TV Tidbits: WFU alum brings his sarcastic cyborg Barry back to 'Archer' | Entertainment

TV Tidbits: WFU alum brings his sarcastic cyborg Barry back to ‘Archer’ | Entertainment

The bawdy animated comedy “Archer” is back for its 10th season Wednesday on cable channel FXX, and recurring villain Barry is back as well.

Barry, whose voice is provided by Wake Forest alumnus Dave Willis, has been a recurring foe since the first season of the show. “Archer” started as a spy spoof, but in recent years has reinvented the premise each year, recasting the same characters in different genres — film noir one year, 1930s tropical adventure the next. The new season, dubbed “Archer 1999,” is a parody of sci-fi movies such as “Alien,” re-imagining the characters as a dysfunctional spaceship crew.

Barry started in the first season of “Archer” as a rival spy, and suffered major injuries and getting parts replaced in each encounter with the show’s main character, arrogant superspy Sterling Archer. Eventually, the KGB turned Barry into a full-blown cyborg, sort of an evil version of The Six Million Dollar Man, and he would show up once or twice a season to cause trouble. In “Archer 1999,” he is called Barry-6 and looks entirely robotic — but still with the original Barry’s sociopathic, wise-cracking personality.

“I was encouraged when he was first turned into a cyborg,” Willis said. “I thought yeah, he could live forever with a titanium endoskeleton. Then again, it’s cartoons, so you can kind of make them live forever regardless.”

Willis isn’t making much use of the political science degree he got from Wake Forest, where he graduated in 1992. But, he said, “I definitely look back on my time there very fondly. I made a lot of great friends and still stay in touch.” He said he declared his major “very late,” and knew he was not cut out for that particular major, but his parents insisted he get his degree in four years or he would start having to pay for college himself.

He drew cartoons for the Old Gold & Black student newspaper and worked at Wake Radio, an on-campus radio station, giving him a taste of both cartooning and voice work.

“I didn’t know what I wanted,” he said. “I grew up as a kid wanting to make movies and stuff. … It was always something that was of interest to me, but I never thought this was what I’d end up doing.”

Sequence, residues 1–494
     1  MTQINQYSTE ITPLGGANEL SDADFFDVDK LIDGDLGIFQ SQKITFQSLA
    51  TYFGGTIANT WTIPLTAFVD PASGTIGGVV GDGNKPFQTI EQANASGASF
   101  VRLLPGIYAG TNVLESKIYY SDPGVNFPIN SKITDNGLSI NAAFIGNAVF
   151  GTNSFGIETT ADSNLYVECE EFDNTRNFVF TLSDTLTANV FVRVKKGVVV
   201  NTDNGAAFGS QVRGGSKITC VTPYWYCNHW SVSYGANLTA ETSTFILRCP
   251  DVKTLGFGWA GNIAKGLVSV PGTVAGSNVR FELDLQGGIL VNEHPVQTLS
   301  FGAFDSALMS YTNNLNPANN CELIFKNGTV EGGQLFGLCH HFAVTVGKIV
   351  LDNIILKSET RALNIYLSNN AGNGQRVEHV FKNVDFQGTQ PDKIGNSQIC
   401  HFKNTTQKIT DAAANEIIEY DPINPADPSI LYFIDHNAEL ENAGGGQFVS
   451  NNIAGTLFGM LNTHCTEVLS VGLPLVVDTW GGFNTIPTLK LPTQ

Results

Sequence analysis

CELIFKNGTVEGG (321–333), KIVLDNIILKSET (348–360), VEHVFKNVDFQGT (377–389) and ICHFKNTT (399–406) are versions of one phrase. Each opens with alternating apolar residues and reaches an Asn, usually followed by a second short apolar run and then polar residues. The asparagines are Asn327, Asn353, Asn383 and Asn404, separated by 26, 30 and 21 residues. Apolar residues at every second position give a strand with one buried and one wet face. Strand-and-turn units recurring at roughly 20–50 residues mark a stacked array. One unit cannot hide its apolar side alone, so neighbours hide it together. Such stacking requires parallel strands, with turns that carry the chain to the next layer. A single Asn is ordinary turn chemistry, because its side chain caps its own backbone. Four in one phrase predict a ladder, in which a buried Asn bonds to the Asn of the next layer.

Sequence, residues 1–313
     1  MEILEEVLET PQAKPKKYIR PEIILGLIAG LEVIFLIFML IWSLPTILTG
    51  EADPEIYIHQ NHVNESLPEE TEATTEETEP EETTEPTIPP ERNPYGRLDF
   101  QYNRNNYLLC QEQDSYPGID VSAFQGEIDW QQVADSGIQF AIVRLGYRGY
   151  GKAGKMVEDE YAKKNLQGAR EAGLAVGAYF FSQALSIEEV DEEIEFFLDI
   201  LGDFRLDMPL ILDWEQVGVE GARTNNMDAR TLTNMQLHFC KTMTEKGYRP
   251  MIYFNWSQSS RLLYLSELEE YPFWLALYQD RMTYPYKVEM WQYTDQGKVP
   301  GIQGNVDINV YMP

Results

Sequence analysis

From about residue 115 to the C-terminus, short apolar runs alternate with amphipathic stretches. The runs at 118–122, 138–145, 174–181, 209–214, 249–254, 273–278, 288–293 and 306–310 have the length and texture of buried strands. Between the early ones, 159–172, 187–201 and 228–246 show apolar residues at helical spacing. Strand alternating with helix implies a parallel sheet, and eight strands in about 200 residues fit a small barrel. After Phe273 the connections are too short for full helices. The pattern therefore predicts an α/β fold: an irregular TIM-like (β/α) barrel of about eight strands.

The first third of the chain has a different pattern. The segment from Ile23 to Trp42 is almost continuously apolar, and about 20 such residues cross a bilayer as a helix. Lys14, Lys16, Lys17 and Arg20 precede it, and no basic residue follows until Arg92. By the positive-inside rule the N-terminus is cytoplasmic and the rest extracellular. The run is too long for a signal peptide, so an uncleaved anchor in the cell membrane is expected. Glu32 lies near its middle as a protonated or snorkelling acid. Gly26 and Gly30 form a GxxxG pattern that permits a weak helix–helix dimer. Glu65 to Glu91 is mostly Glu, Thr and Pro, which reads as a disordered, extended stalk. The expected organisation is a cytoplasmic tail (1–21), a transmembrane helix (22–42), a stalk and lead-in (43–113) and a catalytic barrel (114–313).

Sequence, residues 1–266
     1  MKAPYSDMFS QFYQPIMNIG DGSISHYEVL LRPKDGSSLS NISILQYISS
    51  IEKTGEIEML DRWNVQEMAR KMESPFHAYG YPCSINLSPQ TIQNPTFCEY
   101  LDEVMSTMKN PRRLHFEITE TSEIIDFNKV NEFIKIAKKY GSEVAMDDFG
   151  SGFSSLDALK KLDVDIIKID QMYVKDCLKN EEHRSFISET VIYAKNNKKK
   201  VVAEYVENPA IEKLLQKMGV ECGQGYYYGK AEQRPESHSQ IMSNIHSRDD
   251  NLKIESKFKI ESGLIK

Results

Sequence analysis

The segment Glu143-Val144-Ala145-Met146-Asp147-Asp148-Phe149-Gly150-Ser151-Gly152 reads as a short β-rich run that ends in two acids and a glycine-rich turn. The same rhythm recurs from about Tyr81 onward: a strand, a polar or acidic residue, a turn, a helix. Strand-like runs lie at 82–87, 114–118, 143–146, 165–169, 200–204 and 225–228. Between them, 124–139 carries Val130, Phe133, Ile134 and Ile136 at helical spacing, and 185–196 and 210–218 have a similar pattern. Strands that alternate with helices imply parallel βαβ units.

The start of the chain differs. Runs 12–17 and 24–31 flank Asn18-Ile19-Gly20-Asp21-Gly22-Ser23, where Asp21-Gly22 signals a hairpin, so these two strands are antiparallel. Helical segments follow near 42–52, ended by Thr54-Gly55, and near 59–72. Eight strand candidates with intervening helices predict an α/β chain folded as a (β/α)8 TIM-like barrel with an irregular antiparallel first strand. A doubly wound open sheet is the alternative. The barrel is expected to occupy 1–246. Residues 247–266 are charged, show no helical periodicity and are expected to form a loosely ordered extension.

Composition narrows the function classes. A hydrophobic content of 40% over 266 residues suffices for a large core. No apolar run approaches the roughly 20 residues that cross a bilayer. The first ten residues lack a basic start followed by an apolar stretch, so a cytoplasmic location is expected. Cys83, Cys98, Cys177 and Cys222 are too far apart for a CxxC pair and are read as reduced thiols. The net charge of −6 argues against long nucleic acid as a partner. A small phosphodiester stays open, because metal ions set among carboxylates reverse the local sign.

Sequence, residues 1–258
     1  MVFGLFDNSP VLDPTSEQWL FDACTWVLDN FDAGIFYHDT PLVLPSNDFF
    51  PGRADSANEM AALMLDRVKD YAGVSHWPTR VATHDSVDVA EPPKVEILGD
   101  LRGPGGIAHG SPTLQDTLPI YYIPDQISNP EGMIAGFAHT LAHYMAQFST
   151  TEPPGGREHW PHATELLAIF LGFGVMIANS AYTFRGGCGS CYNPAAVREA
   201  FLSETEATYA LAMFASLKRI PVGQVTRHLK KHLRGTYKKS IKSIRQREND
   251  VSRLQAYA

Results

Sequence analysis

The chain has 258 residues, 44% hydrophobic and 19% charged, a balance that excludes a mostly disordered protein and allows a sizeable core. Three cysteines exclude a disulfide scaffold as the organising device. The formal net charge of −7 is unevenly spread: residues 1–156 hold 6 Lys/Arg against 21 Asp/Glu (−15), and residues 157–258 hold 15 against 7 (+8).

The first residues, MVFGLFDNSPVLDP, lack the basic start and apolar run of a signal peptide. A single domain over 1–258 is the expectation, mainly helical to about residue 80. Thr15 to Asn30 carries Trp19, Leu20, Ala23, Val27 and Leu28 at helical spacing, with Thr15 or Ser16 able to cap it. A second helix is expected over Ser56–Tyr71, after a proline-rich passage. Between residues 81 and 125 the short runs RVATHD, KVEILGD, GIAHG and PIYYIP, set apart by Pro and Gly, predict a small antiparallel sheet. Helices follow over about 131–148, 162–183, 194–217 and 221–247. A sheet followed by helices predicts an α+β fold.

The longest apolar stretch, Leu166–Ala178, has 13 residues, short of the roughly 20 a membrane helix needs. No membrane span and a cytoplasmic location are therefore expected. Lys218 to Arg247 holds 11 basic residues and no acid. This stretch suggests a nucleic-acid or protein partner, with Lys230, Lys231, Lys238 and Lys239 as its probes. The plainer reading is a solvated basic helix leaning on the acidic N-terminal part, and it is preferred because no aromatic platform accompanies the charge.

After graduating with his political science degree, he said, “Everyone else went to law school, and I went to making cartoons.”

He wrote for Adult Swim’s Atlanta-based Williams Street production division starting in 1996 on such shows as “Cartoon Planet” and “Space Ghost Coast to Coast,” and gradually started doing voices as well. That led to the cult hit “Aqua Teen Hunger Force,” which he co-created. That show ran for 11 seasons, starting in 2000, and spawned a theatrical film. In addition to writing, he provided the voices for dimwitted Meatwad and burly neighbor Carl, which he said he based on his uncles and a college roommate.

He went on to co-create “Squidbillies,” an animated comedy about hillbilly squids, and “Your Pretty Face is Going to Hell,” a live-action parody of workplace comedies, both of which are still running on Adult Swim. He is now working on an animated version of “Howard the Duck” for Hulu with Kevin Smith as well as a podcast project. “I’ve got a lot going on,” he said.

“Archer” was created by Adam Reed, an Asheville native, and co-stars Chris Parnell, a UNC School of the Arts alumnus. Willis first met Reed when he did a voice for a Barry-like character on Reed’s previous show “SeaLab 2021.”

“I think Adam and Matt (Thompson, the co-creator) responded to my smart-ass delivery on stuff,” Willis said.

Asked what his hopes are for Barry’s future, Willis replied, “spinoff baby, I think Barry could carry a whole show.”

“I don’t know if they’re going to make more,” he said, “but I certainly love playing the character. When you get a script and you’re laughing when you’re reading it so much that you’re having trouble getting out the lines, that’s a good sign.”

He hasn’t been back to Winston-Salem in many years — the last time he can recall was to attend a 2001 concert at Ziggy’s featuring the band Tenacious D. “I keep threatening to come back for homecoming but I haven’t,” he said. “I thought it would be great to come back. … I bet the trees that they planted (on the Wake Forest campus) in the early ‘90s are now huge.”

Jeryl Prescott, an actress from Winston-Salem, is part of the cast of “Swamp Thing,” making its premiere Friday on the DC Universe streaming service. The live-action series is based on the DC Comics title about a scientist transformed into a hulking monster dealing with supernatural forces in the swamps of Louisiana. Prescott plays Madame Xanadu, a blind fortune teller who is secretly a centuries-old sorceress.

Prescott is perhaps best known for her role as Jacqui, one of the survivors of the zombie apocalypse in the first season of “The Walking Dead,” as well as recurring roles on “Ray Donovan” and the superhero series “Powers.”

Comedian Colin Quinn takes a cynical look at the political divide in America in a new CNN special, “Colin Quinn: Red State Blue State.” The hour-long program, airing at 9 p.m. Monday, is based on Quinn’s Off-Broadway show. “We are at risk of a civil war,” he says. “And you don’t want to see a civil war in this country, this country is not built for another civil war — it’s going to be the first time in history you see fat refugees. That’s not going to be a good look, refugees in jorts and flip-flops and Dunder Mifflin T-shirts, pulling coolers towards the Canadian border.”

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